It’s a real shame that You Saw Them Here First is in just two parts – normally we’d only get to see this sort of stuff on a tribute show or after hours of searching YouTube. So seldom are we given the opportunity to see Eamonn Holmes with a mullet, Hugh Bonneville dying on a slippery surface, and Michelle Collins looking very much like Julie from 90s sitcom, The Brittas Empire (do some Googling: she actually did).

You Saw Them Here First is on Wednesdays at 8:00pm on ITV

What did you think of You Saw Them Here First? Do you agree or disagree with my review? Please comment below or tweet me – @UKTVReviewer.

You can also see my recommendations for the coming week’s TV on this blog, published every Saturday at midnight.


This Week in TV – 27th July – 2nd August

Here I provide a comprehensive list of the best of the coming week’s TV.

Saturday 27th July

The National Lottery: Break the Safe

BBC1, 8:50pm

Yes, now that Dale Winton and his infamous Red Area have left our screens for a little while, Nick Knowles is here with Break the Safe, in which three pairs'Break the Safe' - BBC1, 8:50pm try to beat the clock – and each other – to win a £100,000 jackpot.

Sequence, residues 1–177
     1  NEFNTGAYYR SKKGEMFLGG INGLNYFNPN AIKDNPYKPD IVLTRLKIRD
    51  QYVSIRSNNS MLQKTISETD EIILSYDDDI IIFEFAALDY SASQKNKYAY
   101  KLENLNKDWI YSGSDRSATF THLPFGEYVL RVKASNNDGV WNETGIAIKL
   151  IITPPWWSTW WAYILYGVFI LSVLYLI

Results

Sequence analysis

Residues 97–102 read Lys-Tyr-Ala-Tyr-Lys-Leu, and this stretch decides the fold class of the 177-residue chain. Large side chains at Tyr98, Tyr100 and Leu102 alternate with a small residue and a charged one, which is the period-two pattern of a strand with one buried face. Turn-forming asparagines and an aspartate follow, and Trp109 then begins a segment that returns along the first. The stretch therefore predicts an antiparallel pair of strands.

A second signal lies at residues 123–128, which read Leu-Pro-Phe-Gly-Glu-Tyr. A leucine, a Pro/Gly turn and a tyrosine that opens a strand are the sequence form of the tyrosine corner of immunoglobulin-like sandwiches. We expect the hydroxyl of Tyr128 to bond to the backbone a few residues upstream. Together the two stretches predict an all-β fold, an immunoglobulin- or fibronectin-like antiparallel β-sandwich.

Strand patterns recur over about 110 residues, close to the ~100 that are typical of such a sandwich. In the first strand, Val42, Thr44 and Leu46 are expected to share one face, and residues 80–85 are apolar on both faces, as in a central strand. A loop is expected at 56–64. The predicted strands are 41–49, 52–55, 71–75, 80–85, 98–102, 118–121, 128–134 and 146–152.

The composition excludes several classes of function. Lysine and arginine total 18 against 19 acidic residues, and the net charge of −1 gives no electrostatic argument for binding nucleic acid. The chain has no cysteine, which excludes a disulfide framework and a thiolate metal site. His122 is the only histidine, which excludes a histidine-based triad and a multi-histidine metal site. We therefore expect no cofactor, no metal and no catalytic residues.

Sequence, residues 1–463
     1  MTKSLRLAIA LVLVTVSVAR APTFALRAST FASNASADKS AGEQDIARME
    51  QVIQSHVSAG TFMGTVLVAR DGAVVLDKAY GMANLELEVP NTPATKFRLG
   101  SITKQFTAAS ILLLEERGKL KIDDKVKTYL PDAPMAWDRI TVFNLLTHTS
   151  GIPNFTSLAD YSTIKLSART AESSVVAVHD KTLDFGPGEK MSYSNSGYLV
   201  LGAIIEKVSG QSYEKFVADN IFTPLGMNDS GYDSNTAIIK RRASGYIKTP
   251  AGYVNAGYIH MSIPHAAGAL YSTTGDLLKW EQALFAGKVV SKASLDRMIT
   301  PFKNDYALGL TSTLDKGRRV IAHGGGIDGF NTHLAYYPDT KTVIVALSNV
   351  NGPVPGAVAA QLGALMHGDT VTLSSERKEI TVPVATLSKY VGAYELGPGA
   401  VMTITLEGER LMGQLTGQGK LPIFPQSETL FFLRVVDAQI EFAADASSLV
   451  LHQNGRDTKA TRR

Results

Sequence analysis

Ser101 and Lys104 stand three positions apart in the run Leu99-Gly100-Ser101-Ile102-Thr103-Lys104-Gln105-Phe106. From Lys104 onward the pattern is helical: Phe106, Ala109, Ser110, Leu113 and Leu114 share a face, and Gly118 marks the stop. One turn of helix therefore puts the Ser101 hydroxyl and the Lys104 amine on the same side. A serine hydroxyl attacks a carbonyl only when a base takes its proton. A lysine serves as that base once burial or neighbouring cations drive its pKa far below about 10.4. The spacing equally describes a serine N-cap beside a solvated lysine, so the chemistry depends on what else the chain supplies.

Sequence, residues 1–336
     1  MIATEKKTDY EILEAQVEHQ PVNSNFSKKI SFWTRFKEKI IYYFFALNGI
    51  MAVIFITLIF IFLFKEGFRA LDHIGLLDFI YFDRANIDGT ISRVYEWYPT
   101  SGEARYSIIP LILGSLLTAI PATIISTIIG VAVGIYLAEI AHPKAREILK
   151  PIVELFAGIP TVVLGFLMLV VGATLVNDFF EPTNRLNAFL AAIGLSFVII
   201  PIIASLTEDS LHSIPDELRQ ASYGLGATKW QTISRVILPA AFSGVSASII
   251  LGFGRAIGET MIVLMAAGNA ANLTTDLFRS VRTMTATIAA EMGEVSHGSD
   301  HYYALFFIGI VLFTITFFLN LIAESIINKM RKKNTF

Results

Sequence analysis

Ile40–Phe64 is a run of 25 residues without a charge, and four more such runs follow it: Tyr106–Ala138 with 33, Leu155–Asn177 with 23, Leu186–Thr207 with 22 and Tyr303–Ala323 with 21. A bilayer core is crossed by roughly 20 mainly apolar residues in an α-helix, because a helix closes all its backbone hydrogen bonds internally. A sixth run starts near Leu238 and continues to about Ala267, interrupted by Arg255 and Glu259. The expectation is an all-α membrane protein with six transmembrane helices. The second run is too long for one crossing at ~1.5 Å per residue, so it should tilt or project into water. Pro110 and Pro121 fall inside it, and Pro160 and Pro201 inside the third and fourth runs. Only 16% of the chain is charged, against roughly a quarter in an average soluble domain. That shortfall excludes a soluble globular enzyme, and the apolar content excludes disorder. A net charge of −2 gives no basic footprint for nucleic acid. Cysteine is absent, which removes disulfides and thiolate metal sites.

All three couples are put through a Q&A round, until they are whittled down to just one. That one remaining pair will then go forward to take on the safe, which contains a huge £100,000. However, the money they play for will depend entirely on their performance in the Q&A round, so they will have to be pretty knowledgeable to be in with a chance of grabbing that jackpot.

Also today: Gabby Logan presents Inspire: The Olympic Story (BBC1, 12:45pm), which will also look forward to next year’s Commonwealth Games in Scotland; Harry Potter and the Chamber of Secrets (ITV, 3:05pm); Indiana Jones and the Temple of Doom (BBC1, 7:00pm); When Björk Met Attenborough (Channel 4, 7:00pm) (seriously); more chances to swoon over Matt Johnson (well that’s the main reason that I watch it anyway) on Your Face Sounds Familiar (ITV, 7:30pm); Nadia Sawalha and Emmerdale’s Jane Cox go head-to-head on All Star Family Fortunes (ITV, 8:45pm); and films X-Men Origins: Wolverine (Channel 4, 9:00pm), Con Air (BBC1, 10:30pm), The Invention of Lying (ITV, 10:50pm), and Khaled Hosseini’s tragic The Kite Runner (BBC2, 10:50pm).

Sunday 28th July

The Mill

Channel 4, 8:00pm